UN force says third tunnel crossed Lebanon-Israel border

The Israeli army said the tunnel from the Lebanese town of Ramyeh — just 800 meters from the border — reached a few dozen meters into Israel. (AP)
Updated 25 April 2019
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UN force says third tunnel crossed Lebanon-Israel border

  • UNIFIL’s independent assessment confirms that this tunnel crosses the blue line, UN says

BEIRUT: A UN peacekeeping force in Lebanon on Thursday said a tunnel discovered earlier this year by Israel had crossed the Lebanese-Israeli border, in the third such breach of a cease-fire resolution.

Israel in January accused Lebanese movement Hezbollah of having dug what it described as the deepest, “longest and most detailed” tunnel it had discovered.

The Israeli army said the tunnel from the Lebanese town of Ramyeh — just 800 meters from the border — reached a few dozen meters into Israel, and descended to 55 meters underground.

UN Interim Force In Lebanon (UNIFIL) on Thursday said the tunnel was the third to have crossed the “blue line,” a demarcation line drawn by the UN to mark Israel’s withdrawal from southern Lebanon in 2000.

“UNIFIL’s independent assessment confirms that this tunnel crosses the blue line in violation of resolution 1701,” which ended the 2006 war between Israel and Hezbollah, it said.

“UNIFIL has informed the Lebanese authorities about the violation and has requested urgent follow-up actions,” the UN force said in a statement.

Lebanon and Israel are still technically at war. Israel is currently building a wall along the 130 km frontier to block Hezbollah attempts to infiltrate.

Since early December, Israel has said it discovered six tunnels, destroying them either with explosives or by filling them with a cement-like material.

Five have been confirmed to exist by UNIFIL.

“Of these, three tunnels have been found to be crossing the blue line,” the peacekeeping force said.

Israel alleges Hezbollah had planned to use the tunnels to kidnap or kill its civilians or soldiers, and to seize Israeli territory in the event of any hostilities.

On Jan. 26, Hezbollah leader Hassan Nasrallah said it had taken Israel “years” to discover some of the tunnels, but did not specify who had constructed them.

Hezbollah is the only side not to have disarmed after Lebanon’s 1975-1990 civil war.

In recent years, Israel has repeatedly carried out airstrikes against what it says are Hezbollah weapons convoys in war-torn Syria next door, where the group is backing regime forces.

The US has designated Hezbollah a “terrorist” group since 1997, while the EU blacklisted its military arm in 2013.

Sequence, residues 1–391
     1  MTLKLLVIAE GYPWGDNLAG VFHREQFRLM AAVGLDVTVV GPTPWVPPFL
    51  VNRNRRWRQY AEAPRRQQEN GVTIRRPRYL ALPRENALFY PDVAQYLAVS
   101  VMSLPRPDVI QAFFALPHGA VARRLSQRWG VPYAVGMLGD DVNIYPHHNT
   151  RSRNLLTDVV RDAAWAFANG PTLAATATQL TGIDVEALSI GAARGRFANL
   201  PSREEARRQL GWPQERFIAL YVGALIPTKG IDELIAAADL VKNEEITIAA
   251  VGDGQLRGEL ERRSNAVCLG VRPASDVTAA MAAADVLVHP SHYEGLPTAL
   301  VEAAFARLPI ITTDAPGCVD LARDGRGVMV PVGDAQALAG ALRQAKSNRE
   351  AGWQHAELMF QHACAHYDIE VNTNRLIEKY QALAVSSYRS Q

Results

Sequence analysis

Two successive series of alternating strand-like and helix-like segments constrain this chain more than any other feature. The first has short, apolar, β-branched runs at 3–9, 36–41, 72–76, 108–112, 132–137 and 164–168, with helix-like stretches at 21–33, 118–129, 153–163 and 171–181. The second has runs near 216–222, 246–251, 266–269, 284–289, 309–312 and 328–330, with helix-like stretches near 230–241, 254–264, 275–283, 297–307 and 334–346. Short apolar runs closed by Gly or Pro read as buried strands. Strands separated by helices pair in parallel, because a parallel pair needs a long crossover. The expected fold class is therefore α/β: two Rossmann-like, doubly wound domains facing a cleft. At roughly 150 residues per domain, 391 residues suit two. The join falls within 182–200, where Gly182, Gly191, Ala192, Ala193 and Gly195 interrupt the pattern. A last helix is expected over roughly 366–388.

But it also functions as a political party, with posts in the current Cabinet.

The US on Monday offered a $10 million reward for information that would disrupt the group’s finances.


Citizen journalist among 11 civilians killed in northwest Syria

Updated 14 min 17 sec ago
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Citizen journalist among 11 civilians killed in northwest Syria

  • Anas Al-Dyab, a photographer and videographer in his early 20s, was a member of the White Helmets

KHAN SHEIKHUN: A young citizen journalist was among 11 civilians killed in air raids on Syria’s Idlib region Sunday, rescue workers and a monitor said, as he filmed the Russia-backed regime bombardment of the battered enclave.
Anas Al-Dyab, a photographer and videographer in his early 20s, was a member of the White Helmets who also contributed to AFP.
He was killed in Russian air strikes in the town of Khan Sheikhun, rescuers and the Syrian Observatory for Human Rights said.
The White Helmets, rescue workers in rebel areas named after their distinctive hard hats, said the group “mourns the fall of a hero Anas Al-Dyab, a volunteer and media activist with the Syrian Civil Defense Center in Idlib,” in a Twitter post.
An AFP journalist saw White Helmet members gather to bid farewell to their friend, whose body was laid on a thick red blanket.
The Damascus regime and its Russian ally have stepped up their deadly bombardment of the jihadist-run region of Idlib since late April, despite a September buffer zone deal to protect the region of some three million people from a massive military assault.
Khan Sheikhun, a town in the south of Idlib, has been particularly hit, forcing thousands to flee their homes there, according to the United Nations.
But Dyab “chose to remain with his fellow volunteers in Khan Sheikhun till today,” the White Helmets said.
Raed Al-Saleh, the head of the White Helmets, said Dyab was killed while “trying to show the world what’s going on in Syria.”
“It’s a great loss,” he said.
Dyab, who was single, leaves behind his parents and three brothers, one of whom is held by the Damascus regime, Saleh said.
The Observatory said Dyab was hiding in the cellar of a three-story building with two members of the Jaish Al-Ezza rebel group when the strike happened.
Also on Sunday, regime air strikes killed 10 other civilians including three children in other parts of the bastion, said the Britain-based monitor, which relies on sources inside Syria for its information.
Syria’s former Al-Qaeda affiliate Hayat Tahrir Al-Sham in January took full administrative control of the Idlib region, although other jihadists and rebels are also present.
The Idlib region is supposed to be protected by a September 2018 deal between Russia and rebel backer Turkey, but a buffer zone planned under that accord was never fully implemented.
The White Helmets, who are backed by the West, were nominated for the Nobel Peace Prize in 2016.
But Moscow and Damascus accuse the group of backing rebels and jihadists.
Syria’s war has killed a total of more than 370,000 people and displaced millions since it started in 2011 with a brutal crackdown on anti-government protests.